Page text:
Blankenship earns top fellowship award for international studies
Courtney Blankenship, a first-year master’s degree student in international relations (Peace, Security and Conflict track) at Syracuse University in New York, has been named one of four students in the Maxwell School of Citizenship and Public Affairs to receive the 2021 Boren Fellowship. Blankenship graduated from Pratt High School in 2015, then double-majored in political science and communications at Pittsburg State University, graduating in 2018.
She is now a graduate student pursuing certificates of advanced study in security studies and Middle Eastern affairs at Syracuse and plans to study Tarifit in Morocco,
Blankenship's fellowship award, sponsored by the National Security Education Program, funds immersive foreign language study abroad experiences for graduate students who plan to work in the federal national security arena. Through their experiences, the fellows develop critical foreign language and international skills that are important for their chosen careers.
Blankenship, along with Roger Onofre, a graduate student pursuing a master’s degree in international relations, studying Arabic in Jordan, is also a Critical Language Scholarship (CLS) award winner.
She is currently virtually engaged in intensive Arabic classes with the Noor Majan Training Institute in Oman as part of the CLS program. While the CLS program centers on Modern Standard Arabic, she will have an opportunity to learn the Omani dialect of Arabic during language partner sessions.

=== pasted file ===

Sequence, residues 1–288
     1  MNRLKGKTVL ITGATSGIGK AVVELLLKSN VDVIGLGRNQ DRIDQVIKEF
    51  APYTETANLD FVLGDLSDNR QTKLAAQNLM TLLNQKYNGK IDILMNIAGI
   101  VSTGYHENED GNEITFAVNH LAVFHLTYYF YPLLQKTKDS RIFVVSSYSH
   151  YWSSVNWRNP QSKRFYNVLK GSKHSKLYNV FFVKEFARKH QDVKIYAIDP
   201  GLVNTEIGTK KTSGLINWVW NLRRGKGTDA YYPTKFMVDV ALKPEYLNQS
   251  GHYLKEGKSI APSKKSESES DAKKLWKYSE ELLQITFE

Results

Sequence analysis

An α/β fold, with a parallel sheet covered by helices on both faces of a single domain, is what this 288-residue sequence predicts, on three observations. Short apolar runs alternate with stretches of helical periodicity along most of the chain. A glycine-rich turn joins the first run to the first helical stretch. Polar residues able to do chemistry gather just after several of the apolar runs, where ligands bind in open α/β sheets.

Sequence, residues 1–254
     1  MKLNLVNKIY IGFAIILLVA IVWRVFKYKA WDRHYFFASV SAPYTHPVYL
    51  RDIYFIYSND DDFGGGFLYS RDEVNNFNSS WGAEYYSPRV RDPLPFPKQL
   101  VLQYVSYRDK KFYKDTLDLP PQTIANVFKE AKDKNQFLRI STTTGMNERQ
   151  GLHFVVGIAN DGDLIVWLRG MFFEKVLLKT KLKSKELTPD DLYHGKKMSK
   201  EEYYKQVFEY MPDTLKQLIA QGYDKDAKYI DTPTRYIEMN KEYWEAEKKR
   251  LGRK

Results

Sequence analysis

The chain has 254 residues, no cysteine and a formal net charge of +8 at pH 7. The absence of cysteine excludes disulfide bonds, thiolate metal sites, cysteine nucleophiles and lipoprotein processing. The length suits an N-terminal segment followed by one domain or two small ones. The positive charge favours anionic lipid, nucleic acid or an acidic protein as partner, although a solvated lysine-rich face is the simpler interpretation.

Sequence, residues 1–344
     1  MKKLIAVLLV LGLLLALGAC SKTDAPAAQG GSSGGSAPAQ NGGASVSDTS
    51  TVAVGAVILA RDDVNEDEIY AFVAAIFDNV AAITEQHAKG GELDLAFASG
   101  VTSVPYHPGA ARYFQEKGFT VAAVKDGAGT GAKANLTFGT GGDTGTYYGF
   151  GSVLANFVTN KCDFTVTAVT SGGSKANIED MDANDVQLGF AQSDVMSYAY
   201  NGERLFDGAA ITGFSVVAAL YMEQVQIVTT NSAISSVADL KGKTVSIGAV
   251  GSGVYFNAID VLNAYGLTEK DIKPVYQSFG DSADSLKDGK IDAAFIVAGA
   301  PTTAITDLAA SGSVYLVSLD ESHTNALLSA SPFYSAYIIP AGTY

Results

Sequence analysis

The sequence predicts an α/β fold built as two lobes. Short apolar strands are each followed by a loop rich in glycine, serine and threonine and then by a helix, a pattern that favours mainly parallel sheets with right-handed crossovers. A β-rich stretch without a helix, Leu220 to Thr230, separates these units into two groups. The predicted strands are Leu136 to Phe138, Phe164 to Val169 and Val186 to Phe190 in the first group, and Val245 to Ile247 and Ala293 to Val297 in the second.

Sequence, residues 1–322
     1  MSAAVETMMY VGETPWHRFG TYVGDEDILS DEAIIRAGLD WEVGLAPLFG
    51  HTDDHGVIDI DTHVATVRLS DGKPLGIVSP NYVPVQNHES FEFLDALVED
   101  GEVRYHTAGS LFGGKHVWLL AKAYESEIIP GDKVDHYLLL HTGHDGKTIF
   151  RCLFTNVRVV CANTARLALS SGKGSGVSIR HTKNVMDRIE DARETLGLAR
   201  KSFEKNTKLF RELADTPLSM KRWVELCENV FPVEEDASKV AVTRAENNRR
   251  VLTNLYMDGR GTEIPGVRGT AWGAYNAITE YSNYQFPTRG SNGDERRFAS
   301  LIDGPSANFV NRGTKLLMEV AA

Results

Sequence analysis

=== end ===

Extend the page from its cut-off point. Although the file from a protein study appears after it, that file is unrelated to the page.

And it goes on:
“I hope to travel to Oman in the future once the pandemic ends so that I may reconnect with people I met virtually through the program and continue to learn about Omani culture,” Blankenship said.
After the 2021 fall semester ends, Blankenship will spend six months studying the Amazigh language, Tarifit, as a Boren Fellow in Morocco. She will live in the Rif region, which is the same area of the country where she served as a Peace Corps volunteer before she was evacuated in 2020 due to the pandemic.
“During my 18 months of Peace Corps service, I primarily focused on learning Darija—the Moroccan dialect of Arabic—and while I hope to continue expanding my proficiency in Darija throughout the Boren Fellowship, I am very excited to focus on Tarifit this time around so that I may further engage with people in the region.”
As Tarifit is a language primarily learned in the home, Blankenship plans to utilize intensive tutoring, time with a host family and additional opportunities to build her language skills.
All of Syracuse University’s applications to the Boren Fellowship program were funded this year. The other 2021 recipients include Ivy Raines, a Ph.D. student in political science, studying Persian in Tajikistan; Kelli Sunabe, a graduate student pursuing master’s degree in public administration and international relations, studying Mandarin Chinese in Taipei, Taiwan; and Onofre, whplans to enroll at the University of Jordan in Amman for his year as a fellow, which is currently scheduled for January through December 2022. He will graduate after completing his Boren Fellowship.
* Kelly Homan Rodoski, Syracuse University, contributed to this story.